As an allied health professional consultant and an occupational therapist, part of my role is to help people to keep doing the things they need and want to do in daily life. This includes working with the person to understand their abilities and difficulties, habits and routines, likes and dislikes. An important element of this process is considering all of these things in relation to the home environment. For someone with dementia they might experience problems with their memory, with keeping track of the day and time of day, with finding items around the home and adapting to other age related changes. By making a few changes at home people can minimise the impact of these problems making everyday life easier and less stressful. Here are a few things that I have learned along the way.
- Let there be light….
Lighting is especially important for people living with dementia because of age related changes to our sight and the fact that dementia can change how we perceive what our eyes are seeing. Here are a few things to think about in relation to lighting at home:
- Are you getting as much natural light as possible? Things like having your windows cleaned regularly, using tie backs for curtains to allow light in and keeping trees and plants near windows cut back can all help.
- Do you have enough lights and are they bright enough? You might be able to use brighter bulbs in your existing light fittings or have an additional lamp beside your armchair or at the bedside. Every little helps.
….. and dark
Getting a good night’s sleep can be a problem and this can be due to lots of different reasons. Keeping track of day and night so your body knows when it is time to go to bed and when its time to get up can be difficult.
- Having a dark bedroom (with thick or black out curtains) can help you get to sleep and stay asleep especially in the summer months.
- Shutting your curtains when it’s dark outside can also help as some people find the reflections on the window are distracting or even upsetting.
- Using contrast to help
Contrast can help to make important things more visible. If you aren’t sure if there is a good contrast then try taking a black and white photograph and see if the object is clear in the picture.
Here are a few items to consider if the contrast is good enough:
- Does the toilet seat or chair contrast with the floor?
- Do your plates contrast with the table surface/table cloth?
- Is the banister a contrasting colour to the wall?
You don’t always need to spend lots of money on increasing the contrast.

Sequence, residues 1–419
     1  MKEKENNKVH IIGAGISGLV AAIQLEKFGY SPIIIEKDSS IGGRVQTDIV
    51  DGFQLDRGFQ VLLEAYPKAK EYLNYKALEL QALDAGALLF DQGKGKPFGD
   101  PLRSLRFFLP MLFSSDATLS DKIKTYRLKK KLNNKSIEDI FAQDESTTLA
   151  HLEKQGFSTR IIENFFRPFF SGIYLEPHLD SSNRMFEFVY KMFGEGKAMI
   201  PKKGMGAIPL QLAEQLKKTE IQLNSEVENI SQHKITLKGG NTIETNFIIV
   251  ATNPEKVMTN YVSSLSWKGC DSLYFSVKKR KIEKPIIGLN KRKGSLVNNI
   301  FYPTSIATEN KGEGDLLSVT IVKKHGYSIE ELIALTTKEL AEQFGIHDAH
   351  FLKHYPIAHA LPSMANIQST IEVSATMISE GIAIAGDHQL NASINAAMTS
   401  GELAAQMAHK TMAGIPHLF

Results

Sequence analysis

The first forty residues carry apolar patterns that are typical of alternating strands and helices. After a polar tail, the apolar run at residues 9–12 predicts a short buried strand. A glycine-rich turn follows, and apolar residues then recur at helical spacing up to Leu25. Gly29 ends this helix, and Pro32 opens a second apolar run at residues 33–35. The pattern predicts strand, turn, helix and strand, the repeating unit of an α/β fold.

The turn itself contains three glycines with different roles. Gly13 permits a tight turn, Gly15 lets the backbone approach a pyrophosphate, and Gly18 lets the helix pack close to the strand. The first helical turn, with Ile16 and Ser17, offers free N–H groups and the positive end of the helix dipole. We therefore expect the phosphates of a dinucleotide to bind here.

- A replacement toilet seat in a different colour can be purchased at a reasonable cost
- Rather than replacing all your plates, maybe a coloured table cloth or place mat would be a cheaper option.
- A new chair or carpet would be expensive but a coloured throw could help without spending so much money.
- “A place for everything and everything in its place”
I found the best solutions were usually personal to the individual and used existing habits and routines. Here are just a few of the strategies that I have learned from people with dementia:
- Keeping keys on a hook near the door and a sign on the inside of the door as a reminder.
- Having an extendable key ring “clipped” onto your handbag so it is always attached.
- Keeping a special bowl/box with “essential items” for tasks in that place e.g. a pair of glasses and the remote control next to where you watch television.
- Using labels (might have a picture as well as the words) on cupboards or drawers where commonly used items are stored
- Recognising that sometimes things will be misplaced so having a few spares (e.g. keys, reading glasses) to hand to reduce stress when this happens.
This has just been a small selection of ideas. It would be great to hear how other people have made changes at home to make living with dementia in daily life easier.
If you have any other hints and tips it would be great if you could share them in a comments section?
AHP Dementia Consultant (NHS Lothian)
My role involves raising awareness of the contribution AHPs make to helping people with dementia, their families and carers live well and supporting AHP service development, education and evaluation. The national remit of my role includes producing the Dementia AHPproaches newsletter, leading a national pilot of the Tailored Activity Programme and supporting AHPs in the development of early interventions and supported self management for people living with dementia, their families and carers.